Taking back the narrative

Maryann Weston 9 November 2017

Cultural sites identified at Ukerbarley which is part of the Warrumbungle National Park. Photo courtesy of CETA.

Artist and Gamilaroi woman Paris Norton is leading a project that is unearthing history in previously inaccessible country using drone technology and, in the process, allowing the Indigenous community to document and tell its own history.

Paris and Wiradjuri/Maori artist Dylan Goolagong were recently in Goulburn at the invitation of Southern Tablelands Arts (STARTS) to speak about the Contemporary Environment Culture Arts (CETA) project and to run a workshop with local students from Mulwaree High School.

CETA also uses sound recording, 3D printing, electronics, and robotics technology to map historical cultural practice and then explore findings with the local community, connecting them to culture, past and present. Following consultation, the results are then represented in various art forms including sound, film, 3D multi-media and photography.

“Using technology we are able to control our own narrative. CETA is community driven and inclusive. Everyone can be a part of technology,” 25-year-old Paris said.

“The issue in the past has been the inaccessibility of Aboriginal sites. Working with the National Parks and Wildlife Service in Coonabarabran and using drone technology, we have been able to access paintings, engravings, burial sites and evidence of long-term living,” Paris said.

“We also wanted to involve our Elders who may be physically restricted from accessing these sites, and so CETA was born. Using arts has enabled us to link people with their cultural heritage.”

A potent outcome has been the engagement of young Aboriginal people with their culture.

“Young people have been able to find their Aboriginality and identify with the past and the present, and learn about how they fit into the community because they’ve been able to identify a continuity of culture. And we’ve been able to give them the tools to continue that story,” she said.

The CETA pilot was implemented in Coonabarabran at the historic property of Ukerbarley which is now part of the Warrumbungle National Park.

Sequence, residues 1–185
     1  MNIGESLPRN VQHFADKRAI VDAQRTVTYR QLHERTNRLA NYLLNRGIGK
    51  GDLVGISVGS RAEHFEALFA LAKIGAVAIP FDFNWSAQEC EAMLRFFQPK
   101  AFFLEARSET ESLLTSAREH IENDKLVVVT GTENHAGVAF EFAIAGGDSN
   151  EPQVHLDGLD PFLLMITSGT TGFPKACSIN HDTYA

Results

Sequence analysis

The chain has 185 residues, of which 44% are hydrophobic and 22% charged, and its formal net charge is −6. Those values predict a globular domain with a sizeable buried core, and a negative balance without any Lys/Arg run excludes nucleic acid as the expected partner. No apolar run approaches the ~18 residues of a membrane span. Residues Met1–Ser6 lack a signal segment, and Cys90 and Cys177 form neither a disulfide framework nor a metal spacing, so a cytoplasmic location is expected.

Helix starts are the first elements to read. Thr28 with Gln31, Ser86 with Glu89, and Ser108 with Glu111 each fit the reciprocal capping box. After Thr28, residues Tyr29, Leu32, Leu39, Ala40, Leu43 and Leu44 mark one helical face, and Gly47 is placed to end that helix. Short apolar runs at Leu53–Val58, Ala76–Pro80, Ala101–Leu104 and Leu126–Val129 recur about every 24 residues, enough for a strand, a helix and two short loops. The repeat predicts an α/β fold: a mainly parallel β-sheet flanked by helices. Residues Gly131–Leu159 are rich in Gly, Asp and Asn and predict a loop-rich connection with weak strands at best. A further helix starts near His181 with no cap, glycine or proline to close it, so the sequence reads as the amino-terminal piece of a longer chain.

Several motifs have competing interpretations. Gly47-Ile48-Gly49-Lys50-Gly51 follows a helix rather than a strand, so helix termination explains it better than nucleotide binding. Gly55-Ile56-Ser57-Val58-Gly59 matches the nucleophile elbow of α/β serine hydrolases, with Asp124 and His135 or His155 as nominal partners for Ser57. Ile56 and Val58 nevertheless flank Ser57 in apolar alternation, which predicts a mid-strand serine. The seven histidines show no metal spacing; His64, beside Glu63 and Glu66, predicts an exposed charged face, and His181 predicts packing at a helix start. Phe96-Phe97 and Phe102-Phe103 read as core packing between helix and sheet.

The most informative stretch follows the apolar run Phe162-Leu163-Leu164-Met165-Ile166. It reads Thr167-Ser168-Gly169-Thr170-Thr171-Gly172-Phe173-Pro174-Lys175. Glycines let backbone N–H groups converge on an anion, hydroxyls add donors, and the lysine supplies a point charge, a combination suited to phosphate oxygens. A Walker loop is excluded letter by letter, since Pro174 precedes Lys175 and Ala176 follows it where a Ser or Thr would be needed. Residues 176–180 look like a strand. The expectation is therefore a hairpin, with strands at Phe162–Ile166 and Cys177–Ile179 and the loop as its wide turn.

“Ukerbarley is significant to the Gamilaroi people and only 40 percent of the property has been explored. We have documented 19 cultural sites so far,” Paris said.

Aboriginal culture is the oldest living culture in the world today. Buried tools and pigments recently found at Madjedbebe, a rock shelter in northern Australia, tell a history of Aboriginal occupation in Australia which began 65,000 years ago. Yet so much of Australia’s Indigenous cultural heritage is yet to be told.

Artist and Gamilaroi woman Paris Norton was recently in Goulburn at the invitation of Southern Tablelands Arts (STARTS) to speak about the Contemporary Environment Culture Arts (CETA) project. Photo courtesy of Paris Norton.

“I’m originally from Coonabarabran and I was exposed to my cultural heritage growing up however CETA has been able to give the community the physical evidence they belong here – a sense of place,” she said.

CETA is an Orana Arts project and has been funded by Create NSW. The project has recently received a grant from the Indigenous Languages and Art Fund to extend the project to Mudgee, Wellington, and Nyngan.

“We want to be able to take CETA to other areas and other communities and eventually take the project nationally,” Paris said.

“Each community we visit will have different ideas on how their history should be told and presented through art and technology. It won’t be our ideas, but theirs and in this way the project is inclusive.”

Once the history has been recreated using art and technology, exhibitions are then curated at museums and galleries, allowing the wider public to participate and engage in Aboriginal history.

“CETA creates a large platform for communities to tell their stories. We are also exploring the non-Indigenous history of Ukerbarley and paying our respects to the former owners of the property who were dedicated to preserving the cultural history of the property.”

Technology has enabled many positive outcomes, including as a way to boost confidence in young Aboriginal people.

“When we visited Mulwaree High School in Goulburn the students were hooked on the technology and were more interested in talking about culture as a result,” she said.

“They understand technology and robotics. CETA awoke their self-expression and provided a sense of confidence.”

Paris has a background in photography and is a practising multi-media artist. She has exhibited at the Casula Powerhouse Arts Centre in Sydney, the Western Plains Cultural Centre and the Underbelly Arts Festival.

She currently works for Orana Arts Inc in Dubbo, facilitating community-led arts projects. You can read more about CETA here.

For information on upcoming arts events and activities, visit STARTS.

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